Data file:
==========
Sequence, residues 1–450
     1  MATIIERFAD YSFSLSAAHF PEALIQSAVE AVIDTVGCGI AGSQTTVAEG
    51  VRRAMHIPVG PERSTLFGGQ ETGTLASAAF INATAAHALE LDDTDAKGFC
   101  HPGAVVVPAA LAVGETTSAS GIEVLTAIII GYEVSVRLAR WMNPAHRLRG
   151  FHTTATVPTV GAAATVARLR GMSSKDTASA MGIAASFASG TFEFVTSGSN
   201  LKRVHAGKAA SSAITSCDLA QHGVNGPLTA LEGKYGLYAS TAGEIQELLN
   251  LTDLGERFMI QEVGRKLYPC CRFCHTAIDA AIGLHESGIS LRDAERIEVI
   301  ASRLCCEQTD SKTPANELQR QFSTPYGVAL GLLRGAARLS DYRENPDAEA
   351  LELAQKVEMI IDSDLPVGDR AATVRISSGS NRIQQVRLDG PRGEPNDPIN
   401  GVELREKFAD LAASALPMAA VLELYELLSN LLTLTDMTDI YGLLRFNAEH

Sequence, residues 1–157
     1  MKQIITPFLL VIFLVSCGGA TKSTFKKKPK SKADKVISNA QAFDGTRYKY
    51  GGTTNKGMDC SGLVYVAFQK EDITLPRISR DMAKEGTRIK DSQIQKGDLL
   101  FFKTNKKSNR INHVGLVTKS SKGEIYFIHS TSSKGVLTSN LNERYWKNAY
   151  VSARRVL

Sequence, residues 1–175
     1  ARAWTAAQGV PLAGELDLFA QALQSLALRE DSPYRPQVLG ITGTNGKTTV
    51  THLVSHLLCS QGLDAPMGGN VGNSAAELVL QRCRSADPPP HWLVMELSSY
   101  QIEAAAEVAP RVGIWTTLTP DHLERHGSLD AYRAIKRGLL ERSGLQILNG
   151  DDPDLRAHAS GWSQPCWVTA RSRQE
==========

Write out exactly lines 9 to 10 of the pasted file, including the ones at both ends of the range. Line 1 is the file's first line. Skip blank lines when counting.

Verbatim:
   351  LELAQKVEMI IDSDLPVGDR AATVRISSGS NRIQQVRLDG PRGEPNDPIN
   401  GVELREKFAD LAASALPMAA VLELYELLSN LLTLTDMTDI YGLLRFNAEH